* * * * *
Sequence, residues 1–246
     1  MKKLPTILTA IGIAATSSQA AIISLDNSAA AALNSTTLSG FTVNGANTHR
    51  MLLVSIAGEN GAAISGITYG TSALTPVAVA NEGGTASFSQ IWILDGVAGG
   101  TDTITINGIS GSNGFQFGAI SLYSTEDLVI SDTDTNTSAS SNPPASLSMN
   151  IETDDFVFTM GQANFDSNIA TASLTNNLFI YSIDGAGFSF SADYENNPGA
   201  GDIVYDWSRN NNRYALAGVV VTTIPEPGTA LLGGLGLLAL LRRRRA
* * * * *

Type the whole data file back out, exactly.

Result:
Sequence, residues 1–246
     1  MKKLPTILTA IGIAATSSQA AIISLDNSAA AALNSTTLSG FTVNGANTHR
    51  MLLVSIAGEN GAAISGITYG TSALTPVAVA NEGGTASFSQ IWILDGVAGG
   101  TDTITINGIS GSNGFQFGAI SLYSTEDLVI SDTDTNTSAS SNPPASLSMN
   151  IETDDFVFTM GQANFDSNIA TASLTNNLFI YSIDGAGFSF SADYENNPGA
   201  GDIVYDWSRN NNRYALAGVV VTTIPEPGTA LLGGLGLLAL LRRRRA